DADT Repeal Passes, Will Become LawDecember 18, 2010 - by Donny Shaw
By a vote of 65-31, the Senate has given final approval to the Don’t Ask, Don’t Tell Repeal Act of 2010, sending it to President Obama to be signed into law. The bill will end the 1993 policy banning non-heterosexual individuals from serving openly in the military, bringing the U.S. into parity with the rest of the NATO, all of the European Union and most of the developed world whose laws already protect the rights of servicemembers regardless of their sexuality.
Under the language of the bill, the President, the Secretary of Defense and the Chairman of the Joint Chiefs of Staff must certify to Congress that the repeal is “consistent with the standards of military readiness, military effectiveness, unit cohesion, and recruiting and retention of the Armed Forces” and that they have “prepared the necessary policies and regulations.” After the certification is received by Congress, there will be a 60-day waiting period before the repeal will officially take effect.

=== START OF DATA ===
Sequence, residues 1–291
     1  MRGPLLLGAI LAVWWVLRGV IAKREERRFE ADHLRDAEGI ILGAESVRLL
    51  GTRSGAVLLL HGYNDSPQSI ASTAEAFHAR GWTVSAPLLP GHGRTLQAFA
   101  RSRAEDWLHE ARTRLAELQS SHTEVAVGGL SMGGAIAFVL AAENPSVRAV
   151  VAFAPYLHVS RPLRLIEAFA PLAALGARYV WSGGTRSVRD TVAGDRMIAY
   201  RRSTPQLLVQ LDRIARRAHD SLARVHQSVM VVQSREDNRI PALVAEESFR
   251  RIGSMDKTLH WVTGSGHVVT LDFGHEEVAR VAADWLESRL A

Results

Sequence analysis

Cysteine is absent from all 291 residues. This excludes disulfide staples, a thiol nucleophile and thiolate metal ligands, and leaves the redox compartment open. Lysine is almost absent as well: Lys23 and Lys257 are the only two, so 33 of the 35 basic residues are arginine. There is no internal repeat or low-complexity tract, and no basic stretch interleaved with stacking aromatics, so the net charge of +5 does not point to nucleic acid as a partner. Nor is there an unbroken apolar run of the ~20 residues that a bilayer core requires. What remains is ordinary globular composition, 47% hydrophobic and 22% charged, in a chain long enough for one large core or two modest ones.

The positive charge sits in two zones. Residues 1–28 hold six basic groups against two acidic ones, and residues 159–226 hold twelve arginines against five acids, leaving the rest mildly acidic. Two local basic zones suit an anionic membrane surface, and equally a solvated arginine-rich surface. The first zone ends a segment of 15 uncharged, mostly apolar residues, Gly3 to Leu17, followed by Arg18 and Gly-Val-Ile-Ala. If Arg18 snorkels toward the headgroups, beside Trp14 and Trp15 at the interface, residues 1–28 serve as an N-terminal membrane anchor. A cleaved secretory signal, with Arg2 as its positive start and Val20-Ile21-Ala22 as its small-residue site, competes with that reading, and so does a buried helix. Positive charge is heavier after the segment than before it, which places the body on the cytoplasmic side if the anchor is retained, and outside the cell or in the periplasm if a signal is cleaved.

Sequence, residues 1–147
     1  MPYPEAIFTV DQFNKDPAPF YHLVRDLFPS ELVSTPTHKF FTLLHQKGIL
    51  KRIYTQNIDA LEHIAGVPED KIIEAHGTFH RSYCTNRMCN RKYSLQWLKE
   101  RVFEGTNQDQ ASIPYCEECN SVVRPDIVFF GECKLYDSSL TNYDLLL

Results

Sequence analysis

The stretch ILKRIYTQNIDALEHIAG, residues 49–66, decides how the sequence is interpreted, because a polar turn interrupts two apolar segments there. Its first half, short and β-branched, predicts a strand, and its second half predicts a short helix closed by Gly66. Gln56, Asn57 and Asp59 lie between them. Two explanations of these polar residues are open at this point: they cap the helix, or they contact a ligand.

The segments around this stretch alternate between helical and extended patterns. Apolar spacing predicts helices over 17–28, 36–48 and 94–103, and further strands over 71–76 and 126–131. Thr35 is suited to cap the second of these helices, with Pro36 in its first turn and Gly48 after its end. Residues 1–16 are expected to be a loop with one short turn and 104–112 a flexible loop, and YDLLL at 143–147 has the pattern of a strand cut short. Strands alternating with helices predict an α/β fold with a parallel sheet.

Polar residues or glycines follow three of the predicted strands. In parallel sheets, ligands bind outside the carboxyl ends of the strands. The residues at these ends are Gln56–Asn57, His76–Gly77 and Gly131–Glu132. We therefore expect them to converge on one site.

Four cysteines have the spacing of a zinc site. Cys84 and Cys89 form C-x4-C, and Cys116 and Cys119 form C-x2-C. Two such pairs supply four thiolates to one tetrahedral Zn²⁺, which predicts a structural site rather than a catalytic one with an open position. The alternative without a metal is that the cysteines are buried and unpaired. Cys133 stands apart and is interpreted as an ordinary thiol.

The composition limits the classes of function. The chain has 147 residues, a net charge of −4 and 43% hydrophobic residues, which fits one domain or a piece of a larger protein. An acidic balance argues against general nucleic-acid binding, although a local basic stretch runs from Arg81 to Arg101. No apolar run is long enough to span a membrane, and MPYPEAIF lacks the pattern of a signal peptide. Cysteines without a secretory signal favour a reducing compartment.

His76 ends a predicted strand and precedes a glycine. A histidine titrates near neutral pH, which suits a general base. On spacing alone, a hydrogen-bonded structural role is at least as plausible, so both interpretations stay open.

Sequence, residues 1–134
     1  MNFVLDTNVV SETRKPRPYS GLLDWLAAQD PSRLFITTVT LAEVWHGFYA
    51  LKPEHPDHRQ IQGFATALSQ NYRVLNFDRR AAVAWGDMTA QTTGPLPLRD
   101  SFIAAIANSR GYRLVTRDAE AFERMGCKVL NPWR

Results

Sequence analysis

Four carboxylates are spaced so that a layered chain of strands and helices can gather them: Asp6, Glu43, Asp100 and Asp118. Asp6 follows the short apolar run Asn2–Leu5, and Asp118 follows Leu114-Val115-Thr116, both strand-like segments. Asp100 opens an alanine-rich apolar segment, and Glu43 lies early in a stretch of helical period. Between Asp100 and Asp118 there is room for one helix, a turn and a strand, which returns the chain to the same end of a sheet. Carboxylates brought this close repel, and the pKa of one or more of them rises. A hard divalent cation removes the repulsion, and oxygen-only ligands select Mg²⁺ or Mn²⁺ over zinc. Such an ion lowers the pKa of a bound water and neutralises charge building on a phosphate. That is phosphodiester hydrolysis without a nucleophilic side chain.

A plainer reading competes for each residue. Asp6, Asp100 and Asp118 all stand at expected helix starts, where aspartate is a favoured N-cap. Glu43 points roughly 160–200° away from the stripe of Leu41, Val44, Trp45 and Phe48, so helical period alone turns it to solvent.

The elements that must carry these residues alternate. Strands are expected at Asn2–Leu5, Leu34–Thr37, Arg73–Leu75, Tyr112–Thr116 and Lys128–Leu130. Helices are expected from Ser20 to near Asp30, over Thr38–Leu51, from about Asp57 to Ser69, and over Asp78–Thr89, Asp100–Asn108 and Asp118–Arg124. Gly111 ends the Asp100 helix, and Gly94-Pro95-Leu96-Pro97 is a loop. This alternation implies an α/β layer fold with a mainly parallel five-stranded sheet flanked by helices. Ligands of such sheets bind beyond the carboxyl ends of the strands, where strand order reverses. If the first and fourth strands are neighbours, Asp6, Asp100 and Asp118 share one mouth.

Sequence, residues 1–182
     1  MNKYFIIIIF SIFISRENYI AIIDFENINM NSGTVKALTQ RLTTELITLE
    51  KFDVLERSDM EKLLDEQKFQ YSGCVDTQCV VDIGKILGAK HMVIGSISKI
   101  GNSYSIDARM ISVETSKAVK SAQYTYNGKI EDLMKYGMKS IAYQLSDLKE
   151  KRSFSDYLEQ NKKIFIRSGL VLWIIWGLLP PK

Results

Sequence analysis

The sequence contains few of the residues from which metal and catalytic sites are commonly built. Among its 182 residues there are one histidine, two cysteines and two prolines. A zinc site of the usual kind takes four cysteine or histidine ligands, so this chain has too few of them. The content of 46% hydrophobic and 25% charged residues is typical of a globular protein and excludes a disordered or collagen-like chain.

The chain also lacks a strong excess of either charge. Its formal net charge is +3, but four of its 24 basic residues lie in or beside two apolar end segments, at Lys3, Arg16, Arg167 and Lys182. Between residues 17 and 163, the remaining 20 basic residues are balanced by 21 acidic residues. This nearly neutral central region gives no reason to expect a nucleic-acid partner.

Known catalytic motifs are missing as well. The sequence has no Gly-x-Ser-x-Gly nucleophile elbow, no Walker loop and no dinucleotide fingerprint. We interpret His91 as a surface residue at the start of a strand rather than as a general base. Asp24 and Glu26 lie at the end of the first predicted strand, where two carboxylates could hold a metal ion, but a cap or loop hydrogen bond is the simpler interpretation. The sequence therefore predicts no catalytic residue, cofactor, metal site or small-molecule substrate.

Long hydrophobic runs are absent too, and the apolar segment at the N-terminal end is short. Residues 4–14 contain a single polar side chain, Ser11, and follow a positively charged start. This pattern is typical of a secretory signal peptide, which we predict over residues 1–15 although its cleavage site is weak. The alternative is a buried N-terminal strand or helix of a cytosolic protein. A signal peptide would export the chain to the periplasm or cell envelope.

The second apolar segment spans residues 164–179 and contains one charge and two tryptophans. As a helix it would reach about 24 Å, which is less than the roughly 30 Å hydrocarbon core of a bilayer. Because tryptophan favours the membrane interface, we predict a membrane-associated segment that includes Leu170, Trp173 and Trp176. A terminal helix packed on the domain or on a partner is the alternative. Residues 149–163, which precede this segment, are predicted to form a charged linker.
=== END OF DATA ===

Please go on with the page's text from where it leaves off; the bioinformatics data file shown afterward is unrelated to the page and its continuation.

The final Senate vote was supported by all Democrats and Independents, besides Sen. Joe Manchin [D, WV] who abstained, plus eight Republicans — Scott Brown [MA], Richard Burr [NC], Susan Collins [ME], John Ensign [NV], Mark Kirk [IL], Lisa Murkowski [AK], Olympia Snowe [ME] and George Voinovich [OH].
The House of Representatives passed the bill earlier in the week by a vote of 250-175.
This is a solid win for Obama and the Democrats that helps them end on an upbeat a legislative session dominated by mixed results and high-profile concessions (e.g. health care, financial reform, immigration, taxes). As David Dayen describes in a piece for Democracy, the success is due in large part to the work of gay rights activists, mostly outside of the traditional political advocacy world, who rejected all half measures and fought tooth-and-nail for their ideals of fairness and equality.